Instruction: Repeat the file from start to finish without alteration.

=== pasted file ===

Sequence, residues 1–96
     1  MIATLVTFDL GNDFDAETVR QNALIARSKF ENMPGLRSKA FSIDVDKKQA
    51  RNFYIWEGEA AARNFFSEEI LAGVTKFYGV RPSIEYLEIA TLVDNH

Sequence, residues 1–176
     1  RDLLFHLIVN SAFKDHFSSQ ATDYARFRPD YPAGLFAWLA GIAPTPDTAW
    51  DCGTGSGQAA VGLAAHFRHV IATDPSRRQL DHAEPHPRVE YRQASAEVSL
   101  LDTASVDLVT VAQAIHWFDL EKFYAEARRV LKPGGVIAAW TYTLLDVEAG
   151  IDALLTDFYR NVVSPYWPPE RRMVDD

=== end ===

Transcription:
Sequence, residues 1–96
     1  MIATLVTFDL GNDFDAETVR QNALIARSKF ENMPGLRSKA FSIDVDKKQA
    51  RNFYIWEGEA AARNFFSEEI LAGVTKFYGV RPSIEYLEIA TLVDNH

Sequence, residues 1–176
     1  RDLLFHLIVN SAFKDHFSSQ ATDYARFRPD YPAGLFAWLA GIAPTPDTAW
    51  DCGTGSGQAA VGLAAHFRHV IATDPSRRQL DHAEPHPRVE YRQASAEVSL
   101  LDTASVDLVT VAQAIHWFDL EKFYAEARRV LKPGGVIAAW TYTLLDVEAG
   151  IDALLTDFYR NVVSPYWPPE RRMVDD